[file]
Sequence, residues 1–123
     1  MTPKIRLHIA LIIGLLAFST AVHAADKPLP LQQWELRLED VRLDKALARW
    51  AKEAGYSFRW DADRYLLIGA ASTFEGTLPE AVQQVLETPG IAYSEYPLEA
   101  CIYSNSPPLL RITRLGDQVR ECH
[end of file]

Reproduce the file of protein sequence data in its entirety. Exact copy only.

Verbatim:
Sequence, residues 1–123
     1  MTPKIRLHIA LIIGLLAFST AVHAADKPLP LQQWELRLED VRLDKALARW
    51  AKEAGYSFRW DADRYLLIGA ASTFEGTLPE AVQQVLETPG IAYSEYPLEA
   101  CIYSNSPPLL RITRLGDQVR ECH